Claughan Family Name History

The English surname Claughan is especially associated with the north of England, particularly Durham and Lancashire as well as north of the border in Scotland.

An early written reference to the surname and its variants Claugham, Claughen and Cloughan dates back to the early eighteenth century and includes one Ralph Claughen who married Mary Speed in Ryton in Durham in May, 1700 while one Stephen, the son of Stephen Claugham was christened in Houghton Le Spring in Durham in June. 1725.

This English surname is locative in origin, belonging to that category of surnames derived from the place where the original bearer once lived or held land. In this instance, the second element of the name is derived from the Old English "ham" meaning "homestead, settlement" while the first element is of uncertain origin. The noted scholar P.H.Reaney states that this suffix tends to be compounded with folk names and woman's names, but never with a post-Conquest personal name.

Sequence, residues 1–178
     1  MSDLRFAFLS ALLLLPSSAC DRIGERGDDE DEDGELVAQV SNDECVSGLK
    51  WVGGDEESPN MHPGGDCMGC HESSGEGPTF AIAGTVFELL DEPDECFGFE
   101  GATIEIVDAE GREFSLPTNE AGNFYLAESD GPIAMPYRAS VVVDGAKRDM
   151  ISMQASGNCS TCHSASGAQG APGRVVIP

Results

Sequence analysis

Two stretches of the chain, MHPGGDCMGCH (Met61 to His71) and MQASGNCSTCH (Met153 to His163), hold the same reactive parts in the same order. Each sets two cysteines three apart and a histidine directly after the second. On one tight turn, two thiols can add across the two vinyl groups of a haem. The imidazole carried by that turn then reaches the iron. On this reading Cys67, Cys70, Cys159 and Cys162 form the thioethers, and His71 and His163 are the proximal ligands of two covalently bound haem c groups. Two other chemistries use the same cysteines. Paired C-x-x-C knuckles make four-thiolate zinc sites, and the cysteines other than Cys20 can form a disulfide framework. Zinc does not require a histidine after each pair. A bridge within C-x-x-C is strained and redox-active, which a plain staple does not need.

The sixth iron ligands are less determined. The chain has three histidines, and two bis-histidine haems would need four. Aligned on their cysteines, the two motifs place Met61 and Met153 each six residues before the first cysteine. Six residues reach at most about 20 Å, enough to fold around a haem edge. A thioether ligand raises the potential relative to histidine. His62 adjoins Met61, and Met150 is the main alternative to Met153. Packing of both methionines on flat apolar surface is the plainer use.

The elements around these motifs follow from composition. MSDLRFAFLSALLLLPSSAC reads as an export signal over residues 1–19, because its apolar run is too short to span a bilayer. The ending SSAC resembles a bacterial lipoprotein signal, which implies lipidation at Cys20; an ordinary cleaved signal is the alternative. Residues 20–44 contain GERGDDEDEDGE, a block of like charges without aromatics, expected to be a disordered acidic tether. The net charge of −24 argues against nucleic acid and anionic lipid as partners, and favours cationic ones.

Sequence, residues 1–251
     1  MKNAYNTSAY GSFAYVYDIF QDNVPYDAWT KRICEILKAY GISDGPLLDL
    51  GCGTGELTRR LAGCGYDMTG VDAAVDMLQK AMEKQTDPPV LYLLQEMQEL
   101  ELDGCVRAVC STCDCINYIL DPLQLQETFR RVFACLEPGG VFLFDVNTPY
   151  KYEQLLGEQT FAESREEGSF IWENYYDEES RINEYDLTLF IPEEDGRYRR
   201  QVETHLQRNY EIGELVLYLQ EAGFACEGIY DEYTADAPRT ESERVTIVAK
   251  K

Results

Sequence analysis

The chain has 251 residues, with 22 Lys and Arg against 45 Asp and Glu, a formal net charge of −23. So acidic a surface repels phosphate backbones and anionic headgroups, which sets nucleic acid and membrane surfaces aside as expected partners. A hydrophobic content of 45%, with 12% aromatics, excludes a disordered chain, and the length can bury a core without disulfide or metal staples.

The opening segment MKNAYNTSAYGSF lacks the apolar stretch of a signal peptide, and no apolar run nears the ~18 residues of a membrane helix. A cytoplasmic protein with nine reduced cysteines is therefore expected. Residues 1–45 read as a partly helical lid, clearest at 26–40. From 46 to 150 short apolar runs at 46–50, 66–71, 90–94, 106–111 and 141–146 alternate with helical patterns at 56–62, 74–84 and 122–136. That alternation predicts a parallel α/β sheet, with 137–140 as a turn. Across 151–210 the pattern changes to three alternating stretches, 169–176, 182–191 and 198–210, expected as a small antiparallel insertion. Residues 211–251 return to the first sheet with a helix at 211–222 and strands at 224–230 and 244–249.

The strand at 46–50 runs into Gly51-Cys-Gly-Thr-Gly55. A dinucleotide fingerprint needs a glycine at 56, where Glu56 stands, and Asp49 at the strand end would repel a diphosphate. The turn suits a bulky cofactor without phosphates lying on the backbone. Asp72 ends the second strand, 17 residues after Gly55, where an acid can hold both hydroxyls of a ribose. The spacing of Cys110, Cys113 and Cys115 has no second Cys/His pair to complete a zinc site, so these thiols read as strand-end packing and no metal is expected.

This suggests that the first element is derived from the Old Norse personal name Klakkr which may be found in the place name Claughton located in Lancashire. Such names were a common means of identification in the medieval period and over time as they were passed on from generation to generation they came to be used as independent surnames.

Other early references to the surname include one Samuel, the son of John Cloughan who was christened in St. Peters Church in Liverpool in April, 1778 and Thomas Airley Claughan, the son of Thomas and Adneg Claughan was christened in Girvan in Ayrshire in Scotland in June, 1849.